Not only did universities lower academic standards, they also subjected athletes to a regimen of workouts and team meetings that would make it hard for anyone to excel in the classroom. Of the 409 athletes in the Pac-12 conference interviewed by a strategic marketing firm in 2016, 71 percent reported sleep deprivation as the major barrier to their academic performance. An NCAA study in 2016 found that Division I football players spend 43.3 hours per week in athletic-related activities.
The Supreme Court ruling encouraged other practices that are perfectly acceptable from a business perspective, but make it difficult for sleep-deprived athletes to excel in the classroom. For instance, football season in the NCAA’s top division now ranges from 12 to 15 weeks depending on participation in playoffs. Midweek games are scheduled with no concern for academic demands, rest or recovery.
The Supreme Court’s 1984 ruling was also a financial windfall for college coaches. Clemson’s Dabo Swinney, for instance, is making over $9 million in 2019, not including bonuses and outside income, and Alabama’s Nick Saban isn’t far behind. College football coaches are among the highest paid public employees in most states, often making far in excess of the college presidents or chancellors who lead their “not for profit” institutions.
Since 1984, college sport, especially big-time college football and basketball, has been transformed into a multibillion-dollar industry that swamps educational values and exploits the cheap labor of the players. Nonetheless, there is still a way to restore a modicum of academic integrity in big-time college sports. Serious reform would require Congress to grant the NCAA a limited antitrust exemption.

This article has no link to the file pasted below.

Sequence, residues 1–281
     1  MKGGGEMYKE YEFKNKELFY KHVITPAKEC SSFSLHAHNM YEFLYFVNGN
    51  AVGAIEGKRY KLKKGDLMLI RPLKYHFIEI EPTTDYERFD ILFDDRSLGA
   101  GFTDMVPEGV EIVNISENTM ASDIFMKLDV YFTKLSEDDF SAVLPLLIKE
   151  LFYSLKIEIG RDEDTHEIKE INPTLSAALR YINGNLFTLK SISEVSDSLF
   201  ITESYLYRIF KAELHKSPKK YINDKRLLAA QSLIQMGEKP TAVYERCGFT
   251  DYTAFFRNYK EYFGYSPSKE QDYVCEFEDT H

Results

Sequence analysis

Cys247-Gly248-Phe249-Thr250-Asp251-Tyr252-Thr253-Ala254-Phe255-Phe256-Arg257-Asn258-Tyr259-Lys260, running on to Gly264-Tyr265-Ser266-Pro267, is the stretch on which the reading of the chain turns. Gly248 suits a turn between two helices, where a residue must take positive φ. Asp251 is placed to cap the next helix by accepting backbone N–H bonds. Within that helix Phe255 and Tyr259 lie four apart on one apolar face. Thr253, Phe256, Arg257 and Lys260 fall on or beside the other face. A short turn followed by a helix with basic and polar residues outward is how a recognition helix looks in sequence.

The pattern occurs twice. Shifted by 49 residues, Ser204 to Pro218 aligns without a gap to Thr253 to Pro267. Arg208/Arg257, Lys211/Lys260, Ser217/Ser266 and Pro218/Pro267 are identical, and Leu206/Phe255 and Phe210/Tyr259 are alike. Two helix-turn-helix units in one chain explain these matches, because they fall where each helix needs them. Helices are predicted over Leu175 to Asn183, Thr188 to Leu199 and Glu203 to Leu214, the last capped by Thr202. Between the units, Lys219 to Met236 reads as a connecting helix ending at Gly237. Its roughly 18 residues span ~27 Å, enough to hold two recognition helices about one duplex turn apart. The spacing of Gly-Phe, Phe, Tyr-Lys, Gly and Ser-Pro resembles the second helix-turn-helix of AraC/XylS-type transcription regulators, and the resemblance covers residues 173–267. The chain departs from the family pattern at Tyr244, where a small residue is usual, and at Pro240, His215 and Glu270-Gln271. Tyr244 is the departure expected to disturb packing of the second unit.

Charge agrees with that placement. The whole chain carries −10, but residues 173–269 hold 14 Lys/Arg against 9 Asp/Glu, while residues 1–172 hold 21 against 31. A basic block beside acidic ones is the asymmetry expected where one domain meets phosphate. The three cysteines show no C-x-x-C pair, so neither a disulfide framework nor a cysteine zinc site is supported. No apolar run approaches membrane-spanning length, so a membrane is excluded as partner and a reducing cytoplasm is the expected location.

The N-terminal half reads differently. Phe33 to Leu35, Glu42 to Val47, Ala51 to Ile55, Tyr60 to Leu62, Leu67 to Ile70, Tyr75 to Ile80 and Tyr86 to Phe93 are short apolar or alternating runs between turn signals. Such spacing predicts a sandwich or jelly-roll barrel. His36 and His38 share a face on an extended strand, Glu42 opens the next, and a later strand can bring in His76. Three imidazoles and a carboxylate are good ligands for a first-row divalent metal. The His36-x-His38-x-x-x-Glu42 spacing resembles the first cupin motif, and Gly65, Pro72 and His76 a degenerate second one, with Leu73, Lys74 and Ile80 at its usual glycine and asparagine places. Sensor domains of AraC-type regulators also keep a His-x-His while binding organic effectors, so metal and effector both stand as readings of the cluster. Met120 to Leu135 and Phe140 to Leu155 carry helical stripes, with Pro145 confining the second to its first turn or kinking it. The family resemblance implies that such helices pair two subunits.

An antitrust exemption could include requirements such as shortening football seasons, capping coaches’ salaries, instituting strict time limits on sports requirements for athletes and imposing educational conditions on member institutions. Without an exemption, the NCAA could be exposed to substantial antitrust liability from such actions.
Although a limited antitrust exemption could substantially enhance educational opportunities for college athletes, it would not address the fact that big-time college athletes do not receive fair financial compensation for the millions of dollars they generate. Under pressure from growing numbers of sports fans, as well as members of Congress, the NCAA has recently proposed that players receive financial compensation.
The crux of the proposal, with details still to be worked out, is that college athletes would be permitted to obtain employment and accept remuneration for the commercial use of their own names, images, and likenesses (NILs) for advertisements, public appearances, speaking engagements and product endorsements. Athletes could model athletics apparel or be paid sport instructors or camp counselors. The list could go on.
Thirty-five years ago, the Supreme Court seriously undermined academic integrity in college sport by treating it like any other business. The ruling trashed academic values (compromising the one part of the arrangement for which athletes were compensated through scholarships) and transformed them into otherwise unpaid employees in a multibillion-dollar industry. Slowly but surely, activist groups, including both men and women, have fought to restore academic integrity and fair financial compensation for the athletes.
The battle is still raging, but the tide may have turned.
Allen Sack, a professor emeritus at the University of New Haven, played on Notre Dame’s 1966 national championship football team. He is a co-founder of the Drake Group, whose mission is to defend academic integrity from the corrosive aspects of big-time college sports.